March 1, 2021
Ever wonder what books a professional organizer uses as reference material? Take a peek at the top 12 books I frequently flip through while helping clients. Save yourself hours of research and jumpstart your organization project with one (or several) of these books. No matter what you’re struggling with, there’s a book on this list for you. (Promise!)
If you find one you like, hop over to IG & lmk! I’d LOVE to know which one. @clearboxclearspace
This book focuses exclusively on helping those who have been diagnosed with ADD. If you or a family member have ADD, this is a must-read. It is a collaborative effort between an ADD expert and a professional organizer whose mission is to help people work with their ADD, not against it. Throughout the book, Kolberg and Nadeau focus on strategies, support, and structure (the 3 S’s) to achieve ADD-friendly organization success.
If you have trouble keeping a positive mindset or maintaining your organization systems once they are in place, pick up this quick read to help strengthen your mind and spirit. The eight principles that Brogan and Limpert share help readers strengthen and improve healthy habits, making staying organized second nature.
If you feel overwhelmed and intimidated by the thought of getting rid of things, are an avid collector and see value in every item you own, you might be a compulsive hoarder. You may not be to the degree of the popular TV show, Hoarders, but the tendencies are there and this book helps to address them. Written by three doctors who specialize in anxiety disorders and obsessive-compulsive disorder (OCD), this book is easy to follow and includes helpful quizzes to get to the root of the problem as well as simple strategies and organization tips.
If you get bored reading about organization but still want to pick up all of the most important tips and tricks, this is the book for you! This book is written in a lighthearted way and filled with humor, BUT you still get a solid lesson in the basics of organization. The comical graphics and quick quizzes keep you interested and make the material fly by. It’s geared towards teens and college students but has helpful info for any age group.
Julie is one of my all-time favorite organizers. Her process is easy to understand and follow because she breaks everything down into easy-to-follow sections. Her S.P.A.C.E. model is one that I frequently use when working with clients and is a must-read for anyone who is DIYing their organization project. It’s about as close to getting 1:1 help as you can get from a book.
This is THE organizing book for people who are not naturally disciplined, neat, or detail-oriented. If you prefer piles to files, need things visible so you don’t lose them, and like to hang on to things “just in case”, this book walks you through how to set up supportive organization systems that help you stay organized without trying to mold you into doing things the Type A way.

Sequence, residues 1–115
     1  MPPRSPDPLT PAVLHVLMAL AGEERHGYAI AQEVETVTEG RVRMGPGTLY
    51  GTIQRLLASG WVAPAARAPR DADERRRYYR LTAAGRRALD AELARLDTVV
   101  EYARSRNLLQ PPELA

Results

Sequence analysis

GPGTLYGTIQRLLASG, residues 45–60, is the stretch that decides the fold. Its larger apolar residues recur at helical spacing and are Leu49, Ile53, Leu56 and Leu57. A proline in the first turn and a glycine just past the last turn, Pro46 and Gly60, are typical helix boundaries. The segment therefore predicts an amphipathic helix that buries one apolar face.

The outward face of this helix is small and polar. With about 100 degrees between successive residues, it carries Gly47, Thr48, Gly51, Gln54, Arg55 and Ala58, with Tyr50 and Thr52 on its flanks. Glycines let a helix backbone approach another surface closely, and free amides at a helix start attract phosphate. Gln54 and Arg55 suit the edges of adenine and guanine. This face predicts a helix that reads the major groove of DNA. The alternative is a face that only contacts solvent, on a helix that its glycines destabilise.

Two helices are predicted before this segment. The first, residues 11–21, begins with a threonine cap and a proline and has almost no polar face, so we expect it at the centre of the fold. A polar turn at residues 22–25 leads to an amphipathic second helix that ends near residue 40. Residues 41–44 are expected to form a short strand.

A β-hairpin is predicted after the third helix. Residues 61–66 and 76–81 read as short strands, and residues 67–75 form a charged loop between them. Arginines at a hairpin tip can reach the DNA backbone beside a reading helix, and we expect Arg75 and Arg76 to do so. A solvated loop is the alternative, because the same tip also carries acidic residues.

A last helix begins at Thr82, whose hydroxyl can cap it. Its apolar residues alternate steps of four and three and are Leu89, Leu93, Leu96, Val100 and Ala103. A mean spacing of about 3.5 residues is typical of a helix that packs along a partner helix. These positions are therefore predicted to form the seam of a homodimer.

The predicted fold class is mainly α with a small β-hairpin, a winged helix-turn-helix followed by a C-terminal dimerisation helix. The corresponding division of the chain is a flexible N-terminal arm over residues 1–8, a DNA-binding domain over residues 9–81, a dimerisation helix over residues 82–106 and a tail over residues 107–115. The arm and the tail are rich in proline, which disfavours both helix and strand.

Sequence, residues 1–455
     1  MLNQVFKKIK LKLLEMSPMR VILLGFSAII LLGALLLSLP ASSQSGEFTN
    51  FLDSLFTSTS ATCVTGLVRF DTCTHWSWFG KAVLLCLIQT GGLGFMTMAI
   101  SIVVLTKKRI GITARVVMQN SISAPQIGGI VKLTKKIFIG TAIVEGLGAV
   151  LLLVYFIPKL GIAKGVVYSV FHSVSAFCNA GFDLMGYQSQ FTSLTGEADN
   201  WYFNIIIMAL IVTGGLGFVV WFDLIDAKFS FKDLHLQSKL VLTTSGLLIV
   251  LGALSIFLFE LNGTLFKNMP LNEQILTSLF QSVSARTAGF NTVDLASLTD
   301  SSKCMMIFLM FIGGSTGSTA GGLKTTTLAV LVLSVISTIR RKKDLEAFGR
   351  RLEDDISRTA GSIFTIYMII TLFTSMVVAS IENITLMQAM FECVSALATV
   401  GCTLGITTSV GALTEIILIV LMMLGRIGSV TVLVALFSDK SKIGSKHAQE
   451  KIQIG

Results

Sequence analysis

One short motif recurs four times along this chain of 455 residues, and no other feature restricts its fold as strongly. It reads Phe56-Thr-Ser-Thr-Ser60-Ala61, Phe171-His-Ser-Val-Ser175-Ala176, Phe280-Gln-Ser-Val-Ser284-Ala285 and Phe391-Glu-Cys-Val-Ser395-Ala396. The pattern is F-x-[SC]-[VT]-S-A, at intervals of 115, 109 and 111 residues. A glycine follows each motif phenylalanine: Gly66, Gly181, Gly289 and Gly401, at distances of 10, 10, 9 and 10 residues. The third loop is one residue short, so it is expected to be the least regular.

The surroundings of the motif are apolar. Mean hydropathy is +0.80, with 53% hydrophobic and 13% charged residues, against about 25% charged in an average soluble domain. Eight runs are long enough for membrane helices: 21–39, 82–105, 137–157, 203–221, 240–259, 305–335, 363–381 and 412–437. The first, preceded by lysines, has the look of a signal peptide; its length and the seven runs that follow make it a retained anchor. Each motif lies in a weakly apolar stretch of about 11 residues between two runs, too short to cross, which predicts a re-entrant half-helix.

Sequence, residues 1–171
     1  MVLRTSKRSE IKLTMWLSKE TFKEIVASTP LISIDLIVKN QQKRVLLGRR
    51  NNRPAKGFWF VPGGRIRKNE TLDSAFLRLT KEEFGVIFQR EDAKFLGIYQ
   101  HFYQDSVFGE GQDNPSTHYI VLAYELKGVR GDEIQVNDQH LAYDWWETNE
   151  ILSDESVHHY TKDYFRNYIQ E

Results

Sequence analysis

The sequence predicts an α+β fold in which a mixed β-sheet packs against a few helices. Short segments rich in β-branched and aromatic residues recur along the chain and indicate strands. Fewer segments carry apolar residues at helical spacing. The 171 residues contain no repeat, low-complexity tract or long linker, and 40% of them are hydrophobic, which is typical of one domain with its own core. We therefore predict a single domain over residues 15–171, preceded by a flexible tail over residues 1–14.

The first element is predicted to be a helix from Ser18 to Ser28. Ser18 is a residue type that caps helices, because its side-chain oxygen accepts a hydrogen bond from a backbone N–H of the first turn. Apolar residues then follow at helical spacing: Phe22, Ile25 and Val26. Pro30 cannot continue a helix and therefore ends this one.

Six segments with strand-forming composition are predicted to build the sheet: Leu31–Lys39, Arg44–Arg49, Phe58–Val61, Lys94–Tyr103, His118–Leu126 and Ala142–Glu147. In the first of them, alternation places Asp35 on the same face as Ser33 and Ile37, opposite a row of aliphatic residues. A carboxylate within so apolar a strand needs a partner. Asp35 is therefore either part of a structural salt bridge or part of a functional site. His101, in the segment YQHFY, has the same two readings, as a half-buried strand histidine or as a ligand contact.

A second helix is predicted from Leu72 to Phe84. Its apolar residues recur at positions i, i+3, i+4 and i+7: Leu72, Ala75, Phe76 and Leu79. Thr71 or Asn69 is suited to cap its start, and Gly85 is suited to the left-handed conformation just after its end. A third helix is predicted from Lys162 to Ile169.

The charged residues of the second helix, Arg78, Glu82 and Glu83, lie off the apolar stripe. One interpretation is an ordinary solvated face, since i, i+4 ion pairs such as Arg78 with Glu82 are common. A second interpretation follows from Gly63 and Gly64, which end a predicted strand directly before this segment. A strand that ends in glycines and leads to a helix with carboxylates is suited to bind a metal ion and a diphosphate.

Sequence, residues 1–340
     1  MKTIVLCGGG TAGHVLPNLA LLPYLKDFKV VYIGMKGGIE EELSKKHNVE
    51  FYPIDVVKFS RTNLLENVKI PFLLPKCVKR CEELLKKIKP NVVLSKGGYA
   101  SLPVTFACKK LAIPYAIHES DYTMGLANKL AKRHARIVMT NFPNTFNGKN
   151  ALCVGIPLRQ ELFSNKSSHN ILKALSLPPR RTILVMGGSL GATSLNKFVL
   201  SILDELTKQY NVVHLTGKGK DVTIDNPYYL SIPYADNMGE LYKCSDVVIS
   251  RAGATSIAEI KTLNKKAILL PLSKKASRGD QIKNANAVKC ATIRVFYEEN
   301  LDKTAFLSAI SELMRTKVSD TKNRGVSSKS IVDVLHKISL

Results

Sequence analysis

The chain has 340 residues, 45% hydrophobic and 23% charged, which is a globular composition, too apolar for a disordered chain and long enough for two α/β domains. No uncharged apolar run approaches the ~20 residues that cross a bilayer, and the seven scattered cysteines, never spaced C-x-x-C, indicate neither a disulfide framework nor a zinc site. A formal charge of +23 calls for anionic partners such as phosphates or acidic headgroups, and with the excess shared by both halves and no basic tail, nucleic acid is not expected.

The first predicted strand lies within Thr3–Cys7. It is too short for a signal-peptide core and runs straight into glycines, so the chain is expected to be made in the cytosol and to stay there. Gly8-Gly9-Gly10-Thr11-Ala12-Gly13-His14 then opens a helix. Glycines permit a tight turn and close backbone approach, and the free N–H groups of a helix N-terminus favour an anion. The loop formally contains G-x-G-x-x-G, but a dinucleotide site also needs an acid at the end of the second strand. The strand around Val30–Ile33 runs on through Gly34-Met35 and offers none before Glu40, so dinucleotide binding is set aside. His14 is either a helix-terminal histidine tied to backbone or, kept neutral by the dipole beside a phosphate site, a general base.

Have a disorganized school-age child? You’ve got to pick up this book. Organization and time management are important skills that will carry through and help them in all aspects of their adult life. This book includes strategies to help your child stay on top of assignments and homework, organize their room and desk, and improve studying and notetaking.
The all-encompassing title really says it all! Overcome mom guilt by following Reich’s 4 easy steps to getting organized and learn how to say “no” to activities that don’t support your family or your schedule.
Another great one by Julie. This is a deep dive into purging and confronting your clutter and covers both the physical process of shedding items as well as the mental roadblocks that make it so difficult. This is a great companion book to any book on this list, especially if you are having trouble letting things go.
This book is F-U-N! You start by taking a quiz to find out what type of bug you are. Then, based on that bug’s characteristics, you discover your organizational style. Are you a butterfly? A ladybug? A cricket? Or a bee? Playing to the strengths of your bug ensures that your organization system works and is easy to use and maintain.
Woodruff breaks life down into 4 key phases: childhood & adolescence, accumulation, survival, and downsizing & legacy. Based on which phase you’re in, your approach to organizing will be different. This book is a great companion to any of the other books on this list. I love her simple writing style and easy-to-understand milestone groupings.
Chances are you have paper piles in your home or office. Mail, bills, files, fliers, the list goes on and on. Woodruff walks you through her paper solution strategy and alleviates feelings of overwhelm by helping you clarify what to keep and what to shred. She also helps you strategize how to stay on top of new paper clutter once it comes in.
That’s it! Did anything stand out to you? Or, have you already read some of these? Swing by and share them with me! @clearboxclearspace
Thank you for this thoughtful synopsis of each book. I appreciate your recommendations.
Oooh I really like the idea of some of these!! I’ll have to check them out. Thank you for sharing. 💜
I might need to start reading about staying and creating organized spaces in my home – I just feel well beyond recovery at this point lol
3 Comments on The 12 Best Books to Help You Get Organized